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Physiotherapists for Sports Medicine Facilities


Physiotherapists are a fixture in all medical facilities especially in sports medicine service provider


They are health professional who focuses on the restoration of health and movement of certain body parts that underwent a traumatic accident or any sports related injuries.

Physiotherapists were people who devise and practices mobility techniques and exercises to bring back muscle movement or rehabilitate an injured body part.

In Australia, there are about 4.5 million people are involved in organized sports and every year there is an average of 5600 sports related injuries reported. Most of them are men. In the US, there is a slightly higher rate of sports injuries and most were from high school sports.

And due to these statistics, there is also an increase in the physiotherapist demands. More and more young people are considering the field of physiotherapy as it can be a lucrative and in demand profession all over the world.

How to Avoid Single-Bicycle Crashes


The resulting paper, 'What do cyclists need to see to avoid single-bicycle crashes?', has been awarded two prizes from insurers Liberty Mutual


With the 'Wiggins effect' in full swing after London 2012 and people taking up cycling for sport or recreation like never before, the safety of the country's cyclists has never been more important.

Crashes are an unfortunate fact of life for many travelling on our roads and bicycle paths, but how and why they happen is not always well understood. In the Netherlands alone, A&E Departments treat 46,000 injuries sustained in single-bicycle incidents each year, 6000 of which lead to hospital admission. Reducing the number of bicycle accidents is thus good for the public purse as well as for the cyclists themselves.

Faced with such figures, two Dutch academics, Paul Schepers and Berry den Brinker, set out to learn more about single-bicycle crashes. The resulting paper, 'What do cyclists need to see to avoid single-bicycle crashes?', has been awarded two prizes from insurers Liberty Mutual: 'Best Paper Published in the Journal Ergonomics' (54/4 2011, 315­-327) and the '2012 IEA/Liberty Mutual Medal in Occupational Safety and Ergonomics'.

Jump, Flip, Twist and Enjoy Gymnastics Safely


AAOS offers gymnastics safety tips

Gymnastics is a rigorous sport requiring long hours of practice and complex physical movements. In addition to the weight-bearing stress placed on the upper body during many gymnastics moves, the countless twists, flips and landings put gymnasts at risk for injuries.

Common gymnastics injuries are often from overuse or simple stress, and may include:

  • wrist and shoulder injuries
  • elbow dislocations
  • foot and ankle injuries
  • ACL injuries
  • back injuries, such as lower lumbar spine stress fractures, otherwise known as spondylolysis.


According to the U.S. Consumer Product Safety Commission, more than 75,000 Americans (children and adults) were treated in hospitals, doctors’ offices and emergency rooms for gymnastics-related injuries in 2010. The medical costs alone totaled nearly $170 million.

  • Written by American Academy of Orthopaedic Surgeons
  • Category: Sports Medicine
  • Hits: 1467

Fall Sports: Staying Active While Being Safe for the Season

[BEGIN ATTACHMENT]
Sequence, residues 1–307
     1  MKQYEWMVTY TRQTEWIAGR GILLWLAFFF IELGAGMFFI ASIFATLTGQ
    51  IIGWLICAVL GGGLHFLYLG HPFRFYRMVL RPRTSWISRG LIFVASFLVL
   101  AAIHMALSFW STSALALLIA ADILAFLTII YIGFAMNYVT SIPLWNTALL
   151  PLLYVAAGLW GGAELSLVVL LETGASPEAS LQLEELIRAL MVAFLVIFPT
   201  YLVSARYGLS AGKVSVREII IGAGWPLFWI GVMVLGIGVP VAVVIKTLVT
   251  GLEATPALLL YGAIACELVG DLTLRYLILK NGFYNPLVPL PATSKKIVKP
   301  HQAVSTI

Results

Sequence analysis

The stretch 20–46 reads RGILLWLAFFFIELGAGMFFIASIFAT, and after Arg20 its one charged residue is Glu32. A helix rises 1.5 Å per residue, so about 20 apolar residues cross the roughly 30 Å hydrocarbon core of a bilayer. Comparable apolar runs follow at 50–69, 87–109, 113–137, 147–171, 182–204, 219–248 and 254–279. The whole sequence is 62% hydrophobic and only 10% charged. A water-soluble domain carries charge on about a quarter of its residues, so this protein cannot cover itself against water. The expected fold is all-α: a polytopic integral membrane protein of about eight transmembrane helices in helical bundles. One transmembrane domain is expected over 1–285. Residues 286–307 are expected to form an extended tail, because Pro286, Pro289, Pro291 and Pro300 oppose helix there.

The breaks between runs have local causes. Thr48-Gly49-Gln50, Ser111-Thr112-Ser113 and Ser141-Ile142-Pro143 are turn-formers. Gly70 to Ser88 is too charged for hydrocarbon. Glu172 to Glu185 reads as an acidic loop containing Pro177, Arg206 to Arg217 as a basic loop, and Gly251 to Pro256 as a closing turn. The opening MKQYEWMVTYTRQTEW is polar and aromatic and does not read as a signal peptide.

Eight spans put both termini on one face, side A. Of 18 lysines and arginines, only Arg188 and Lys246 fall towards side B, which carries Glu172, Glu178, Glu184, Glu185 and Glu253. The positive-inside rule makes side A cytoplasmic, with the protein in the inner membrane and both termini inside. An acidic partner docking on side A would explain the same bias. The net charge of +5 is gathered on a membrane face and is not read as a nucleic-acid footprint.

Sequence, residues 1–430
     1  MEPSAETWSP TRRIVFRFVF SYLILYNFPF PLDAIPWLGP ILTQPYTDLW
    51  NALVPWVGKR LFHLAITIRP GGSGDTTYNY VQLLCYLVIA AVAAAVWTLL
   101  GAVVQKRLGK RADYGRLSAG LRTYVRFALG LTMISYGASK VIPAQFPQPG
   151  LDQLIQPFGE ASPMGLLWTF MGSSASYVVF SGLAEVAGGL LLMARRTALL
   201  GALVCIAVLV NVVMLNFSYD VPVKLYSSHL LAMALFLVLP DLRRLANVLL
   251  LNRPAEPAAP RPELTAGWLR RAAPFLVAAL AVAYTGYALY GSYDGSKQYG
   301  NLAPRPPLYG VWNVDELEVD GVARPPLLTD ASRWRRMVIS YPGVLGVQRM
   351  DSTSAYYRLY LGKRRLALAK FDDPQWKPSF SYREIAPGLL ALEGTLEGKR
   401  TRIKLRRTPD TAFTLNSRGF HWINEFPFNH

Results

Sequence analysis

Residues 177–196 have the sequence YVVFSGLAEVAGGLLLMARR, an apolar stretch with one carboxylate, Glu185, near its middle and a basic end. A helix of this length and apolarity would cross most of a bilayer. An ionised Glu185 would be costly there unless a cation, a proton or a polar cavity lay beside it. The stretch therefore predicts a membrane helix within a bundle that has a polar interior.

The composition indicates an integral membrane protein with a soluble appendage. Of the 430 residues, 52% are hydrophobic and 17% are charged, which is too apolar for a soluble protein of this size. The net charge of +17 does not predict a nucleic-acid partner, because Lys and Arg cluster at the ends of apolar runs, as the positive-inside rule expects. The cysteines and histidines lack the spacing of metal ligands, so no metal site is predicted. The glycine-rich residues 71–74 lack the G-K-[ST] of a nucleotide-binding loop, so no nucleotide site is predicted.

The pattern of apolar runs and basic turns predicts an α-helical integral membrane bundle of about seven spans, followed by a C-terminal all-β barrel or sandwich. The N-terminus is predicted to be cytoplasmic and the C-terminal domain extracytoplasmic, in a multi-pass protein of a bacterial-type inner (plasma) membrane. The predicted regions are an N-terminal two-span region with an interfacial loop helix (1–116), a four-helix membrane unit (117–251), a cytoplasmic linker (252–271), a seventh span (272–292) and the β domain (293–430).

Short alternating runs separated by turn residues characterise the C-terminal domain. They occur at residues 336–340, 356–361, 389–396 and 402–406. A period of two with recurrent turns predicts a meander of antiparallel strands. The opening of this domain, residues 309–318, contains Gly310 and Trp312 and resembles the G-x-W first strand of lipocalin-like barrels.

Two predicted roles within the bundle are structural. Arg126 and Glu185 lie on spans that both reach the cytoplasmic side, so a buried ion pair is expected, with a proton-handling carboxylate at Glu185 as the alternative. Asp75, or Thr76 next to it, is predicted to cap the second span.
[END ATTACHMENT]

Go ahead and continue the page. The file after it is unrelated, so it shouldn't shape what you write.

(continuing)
Orthopaedic surgeons share tips to help athletes stay clear of sports injuries this fall


Summer is coming to an end, and it won’t be long before athletes and sports enthusiasts take to the field to play soccer, football, volleyball or some other fall sport.

Staying active is ideal for building strong bones and weight-bearing activities such as running and playing sports helps to achieve that. That is why the American Academy of Orthopaedic Surgeons(AAOS), the American Orthopaedic Society for Sports Medicine (AOSSM)and the STOP Sports Injuries campaign is urging everyone to stay active, but to keep safety first when engaging in these activities.

  • Written by American Academy of Orthopaedic Surgeons
  • Category: Sports Medicine
  • Hits: 1356

Recurring Shoulder Instability Injuries Likely Among Young Athletes Playing Contact Sports


How to Minimize the Chances of Shoulder Injuries


Summer is a peak season for many sports, and with that comes sport-related injuries. Among those injuries is shoulder joint dislocation. According to a literature review in the August 2012 issue of the Journal of the American Academy of Orthopaedic Surgeons, most incidences of shoulder joint instability are the result of traumatic contact injuries like force or falling on an outstretched arm; a direct blow to the shoulder area; forceful throwing, lifting or hitting; or contact with another player.

By the Numbers

  • In 45 percent of shoulder joint instability injuries, young athletes lost more than 10 days from sport.
  • Young male athletes are at greatest risk of shoulder joint instability injuries and recurrences.
  • In one study, the rate of athletes reinjuring their shoulder was higher in patients younger than 23 years of age (72 percent) than patients older than 30 years of age (27 percent).
  • Young athletes between the ages of 15 to 20 years of age who were treated nonsurgically had an injury recurrence rate of 87 percent.
  • Arthritis of the shoulder occurred in up to 40 percent of athletes with recurring shoulder instability injuries.

In young athletes, traumatic anterior (front) shoulder dislocation injuries have shown high incidences of the sudden tearing of the labrum (the tissue rim surrounding the shoulder socket) and ligaments from the bone of the socket.

  • Written by American Academy of Orthopaedic Surgeons
  • Category: Sports Medicine
  • Hits: 1478


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